Presented at the 2016 SWIP UK Conference.
The precarity of university employment is arguably most pervasive and urgent problem facing living academic philosophers today. In this paper, I argue that academics must take responsibility for the problem of precarious academic labor. I identify two sets of (gendered and racialized) myths and attitudes common amongst academics that contribute to academic precarity. By theorizing these myths and attitudes, I connect the problem of precarity to issues of bias and discrimination which have hitherto received much greater attention within the profession, arguing that commitment to the latter requires stronger commitment to the former. I conclude that academics have distinctive responsibilities to devote their considerable resources, skills, and expertise to working collectively against the rise of contingent academic labor.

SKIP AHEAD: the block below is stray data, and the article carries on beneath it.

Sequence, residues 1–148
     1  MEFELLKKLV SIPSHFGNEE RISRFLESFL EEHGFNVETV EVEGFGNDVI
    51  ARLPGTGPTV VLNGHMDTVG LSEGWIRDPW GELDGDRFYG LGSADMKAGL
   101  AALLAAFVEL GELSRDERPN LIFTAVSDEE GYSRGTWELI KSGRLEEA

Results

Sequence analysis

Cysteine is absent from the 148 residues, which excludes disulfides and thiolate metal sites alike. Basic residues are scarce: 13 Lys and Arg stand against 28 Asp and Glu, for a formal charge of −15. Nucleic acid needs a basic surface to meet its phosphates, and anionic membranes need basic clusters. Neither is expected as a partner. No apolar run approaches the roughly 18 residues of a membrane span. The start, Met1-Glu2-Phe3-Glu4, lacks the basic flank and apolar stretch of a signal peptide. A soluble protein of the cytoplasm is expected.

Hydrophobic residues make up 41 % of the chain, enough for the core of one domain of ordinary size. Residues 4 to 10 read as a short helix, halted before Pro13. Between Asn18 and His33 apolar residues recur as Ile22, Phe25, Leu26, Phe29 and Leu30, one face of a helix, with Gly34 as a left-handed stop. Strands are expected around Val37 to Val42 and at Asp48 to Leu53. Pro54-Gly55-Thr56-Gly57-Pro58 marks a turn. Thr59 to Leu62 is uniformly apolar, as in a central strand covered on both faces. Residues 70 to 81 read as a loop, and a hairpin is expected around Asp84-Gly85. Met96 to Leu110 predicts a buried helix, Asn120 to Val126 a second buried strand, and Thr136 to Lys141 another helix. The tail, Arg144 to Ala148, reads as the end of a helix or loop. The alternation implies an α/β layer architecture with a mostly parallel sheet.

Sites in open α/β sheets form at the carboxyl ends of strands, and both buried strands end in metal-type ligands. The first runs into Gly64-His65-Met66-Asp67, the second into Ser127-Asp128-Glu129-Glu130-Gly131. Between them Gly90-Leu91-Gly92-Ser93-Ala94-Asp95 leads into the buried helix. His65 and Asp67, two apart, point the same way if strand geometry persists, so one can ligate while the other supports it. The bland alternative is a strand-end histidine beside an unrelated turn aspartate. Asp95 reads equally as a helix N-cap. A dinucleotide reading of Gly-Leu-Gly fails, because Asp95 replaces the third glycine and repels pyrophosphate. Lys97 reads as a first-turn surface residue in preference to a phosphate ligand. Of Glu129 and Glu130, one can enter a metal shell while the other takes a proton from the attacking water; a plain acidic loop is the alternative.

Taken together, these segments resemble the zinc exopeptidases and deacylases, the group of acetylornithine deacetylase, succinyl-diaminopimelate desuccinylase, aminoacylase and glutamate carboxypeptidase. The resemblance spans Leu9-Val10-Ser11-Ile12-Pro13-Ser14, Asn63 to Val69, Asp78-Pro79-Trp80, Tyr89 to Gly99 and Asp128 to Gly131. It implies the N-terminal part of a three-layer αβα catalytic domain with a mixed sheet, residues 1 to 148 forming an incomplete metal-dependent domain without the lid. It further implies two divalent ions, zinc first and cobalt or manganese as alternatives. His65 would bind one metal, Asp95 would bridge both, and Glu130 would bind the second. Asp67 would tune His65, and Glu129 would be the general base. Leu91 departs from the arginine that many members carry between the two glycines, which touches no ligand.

For a full draft, email me at robin.zheng(at)yale-nus.edu.sg.